Once you have your brand voice set up and strategically planned, your next step is to develop the brand’s persona. These two are tightly related. Your brand voice puts into a plan what your brand speaks about or doesn’t speak about. It makes it easy for anyone on the team to serve as the brand online and have the voice sound almost the same each time it communicates with someone. This is the business part of your social media plan.
But what’s also important is to determine and plan out the persona of your brand. The persona is what makes your brand human. Remember, the important part about social media is not the media part – it’s the social part.
Two-way conversation is what is critical in social. It was created for people to converse back and forth with each other. Social media should allow people the opportunity to speak directly with someone online – a real person, not something created by AI, and not just a “brand voice.” The person behind the keyboard should be a real, authentic, approachable person. It should not be someone who consistently just sells and pushes.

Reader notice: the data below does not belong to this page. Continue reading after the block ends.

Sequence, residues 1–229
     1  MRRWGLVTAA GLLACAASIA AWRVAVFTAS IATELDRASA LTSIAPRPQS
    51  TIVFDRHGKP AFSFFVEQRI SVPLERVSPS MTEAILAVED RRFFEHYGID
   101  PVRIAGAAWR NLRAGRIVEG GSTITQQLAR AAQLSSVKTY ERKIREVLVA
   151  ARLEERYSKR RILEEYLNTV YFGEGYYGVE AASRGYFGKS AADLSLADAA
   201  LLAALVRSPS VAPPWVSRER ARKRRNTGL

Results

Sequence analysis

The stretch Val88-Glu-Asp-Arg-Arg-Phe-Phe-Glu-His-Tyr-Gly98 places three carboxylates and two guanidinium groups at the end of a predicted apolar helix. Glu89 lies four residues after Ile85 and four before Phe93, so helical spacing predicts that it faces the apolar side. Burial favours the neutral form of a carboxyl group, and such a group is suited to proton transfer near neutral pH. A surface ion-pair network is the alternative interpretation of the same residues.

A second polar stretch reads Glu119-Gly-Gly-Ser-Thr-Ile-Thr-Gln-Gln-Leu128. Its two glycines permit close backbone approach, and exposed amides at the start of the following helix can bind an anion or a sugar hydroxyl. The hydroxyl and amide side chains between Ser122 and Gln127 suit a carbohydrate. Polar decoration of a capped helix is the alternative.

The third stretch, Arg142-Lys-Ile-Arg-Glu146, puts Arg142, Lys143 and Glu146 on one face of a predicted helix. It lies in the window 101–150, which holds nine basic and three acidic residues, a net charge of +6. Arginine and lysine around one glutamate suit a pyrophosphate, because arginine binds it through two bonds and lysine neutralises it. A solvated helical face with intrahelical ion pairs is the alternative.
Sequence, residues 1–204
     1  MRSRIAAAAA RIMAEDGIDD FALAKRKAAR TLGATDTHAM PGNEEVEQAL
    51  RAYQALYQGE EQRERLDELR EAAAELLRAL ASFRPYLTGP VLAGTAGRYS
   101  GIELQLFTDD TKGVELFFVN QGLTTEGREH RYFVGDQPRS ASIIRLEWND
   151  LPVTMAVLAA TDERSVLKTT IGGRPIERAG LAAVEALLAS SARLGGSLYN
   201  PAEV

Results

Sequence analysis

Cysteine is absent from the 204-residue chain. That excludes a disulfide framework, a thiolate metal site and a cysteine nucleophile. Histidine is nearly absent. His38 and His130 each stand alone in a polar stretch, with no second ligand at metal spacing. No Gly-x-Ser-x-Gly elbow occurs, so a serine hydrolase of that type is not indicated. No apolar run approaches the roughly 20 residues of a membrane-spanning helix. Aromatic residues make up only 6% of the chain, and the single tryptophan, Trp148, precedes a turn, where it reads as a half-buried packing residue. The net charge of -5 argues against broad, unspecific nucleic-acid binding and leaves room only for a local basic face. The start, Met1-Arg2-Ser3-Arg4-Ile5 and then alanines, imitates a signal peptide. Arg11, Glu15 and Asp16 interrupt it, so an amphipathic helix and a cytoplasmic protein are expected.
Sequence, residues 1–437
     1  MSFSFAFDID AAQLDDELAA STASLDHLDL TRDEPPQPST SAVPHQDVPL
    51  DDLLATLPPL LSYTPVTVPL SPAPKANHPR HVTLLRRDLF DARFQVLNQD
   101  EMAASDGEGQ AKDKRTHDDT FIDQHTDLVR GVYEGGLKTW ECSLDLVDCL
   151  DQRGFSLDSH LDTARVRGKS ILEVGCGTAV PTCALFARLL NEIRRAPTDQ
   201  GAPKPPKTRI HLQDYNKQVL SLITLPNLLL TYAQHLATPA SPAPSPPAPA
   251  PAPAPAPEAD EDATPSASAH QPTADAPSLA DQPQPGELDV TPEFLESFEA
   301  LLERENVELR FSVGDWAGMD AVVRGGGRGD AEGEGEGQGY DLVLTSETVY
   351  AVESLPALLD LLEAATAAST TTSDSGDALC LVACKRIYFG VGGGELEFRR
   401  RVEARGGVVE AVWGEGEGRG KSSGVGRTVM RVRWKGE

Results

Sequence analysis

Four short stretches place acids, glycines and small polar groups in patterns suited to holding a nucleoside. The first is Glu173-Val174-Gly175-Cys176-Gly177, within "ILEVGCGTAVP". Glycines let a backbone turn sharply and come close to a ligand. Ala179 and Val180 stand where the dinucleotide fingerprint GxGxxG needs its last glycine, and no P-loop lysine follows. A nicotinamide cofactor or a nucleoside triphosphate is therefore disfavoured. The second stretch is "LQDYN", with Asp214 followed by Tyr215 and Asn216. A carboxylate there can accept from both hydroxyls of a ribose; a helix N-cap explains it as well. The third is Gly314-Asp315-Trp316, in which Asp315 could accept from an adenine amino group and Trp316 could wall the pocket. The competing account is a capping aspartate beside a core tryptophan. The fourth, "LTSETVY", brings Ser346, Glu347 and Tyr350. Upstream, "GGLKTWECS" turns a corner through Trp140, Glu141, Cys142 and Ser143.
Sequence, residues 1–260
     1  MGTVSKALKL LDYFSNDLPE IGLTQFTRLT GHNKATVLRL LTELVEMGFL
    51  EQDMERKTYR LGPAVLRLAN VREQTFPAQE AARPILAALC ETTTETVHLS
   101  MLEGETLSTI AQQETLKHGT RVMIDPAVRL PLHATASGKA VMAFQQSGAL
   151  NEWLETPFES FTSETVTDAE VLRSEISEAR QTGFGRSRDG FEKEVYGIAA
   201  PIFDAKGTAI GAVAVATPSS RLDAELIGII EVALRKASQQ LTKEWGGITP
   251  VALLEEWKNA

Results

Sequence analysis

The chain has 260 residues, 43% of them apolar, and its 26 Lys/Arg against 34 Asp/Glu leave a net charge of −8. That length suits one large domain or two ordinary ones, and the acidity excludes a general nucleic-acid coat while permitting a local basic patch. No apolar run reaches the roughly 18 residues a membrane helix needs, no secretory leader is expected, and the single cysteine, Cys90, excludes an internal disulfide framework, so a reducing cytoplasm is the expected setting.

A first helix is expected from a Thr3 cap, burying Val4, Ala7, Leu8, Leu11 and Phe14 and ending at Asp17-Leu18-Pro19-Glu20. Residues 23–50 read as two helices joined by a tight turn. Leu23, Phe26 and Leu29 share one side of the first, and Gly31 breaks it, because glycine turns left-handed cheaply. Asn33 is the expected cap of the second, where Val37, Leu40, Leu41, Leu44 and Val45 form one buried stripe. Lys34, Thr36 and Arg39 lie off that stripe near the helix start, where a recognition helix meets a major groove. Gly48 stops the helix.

When we develop personas for clients, there is a process for it. It’s not rocket science, but it is important to put some thought and strategy into it. Think about who the current client is, as well as the potential client: who is this person? What do they like to do? What kind of people use your product or service and how can you make yourself relatable as a person, within that standard brand voice you already created? We go so far as to ask questions like those listed below when determining the persona of the person behind the keyboard:
- What is the gender and age of this person? Or do they not have a gender or age? Are they relatable to a wider market than one demographic?
- Do they live in a metropolitan area or out in the suburbs?
- Do they exercise?
- Do they drink?
- Coffee or tea?
- Bottled water or tap?
- Coke or Pepsi? Or some Diet version of one of those?
- Where do they shop?
- What kind of food do they have in their fridge?
- Are they more a Costco shopper or Trader Joe’s?
These kind of questions help to develop a person. Even if we never use details listed here in the content (because it doesn’t all fit into the brand), it helps us to imagine we are that person when we are creating content and engaging with our community online.
Do you remember the 1980s movie Weird Science? Think of this process like that movie – creating a person by punching in decisions to your computer.
As you begin to put together your brand voice and persona, make sure to start engaging with me online. Let’s see how it’s sounding!
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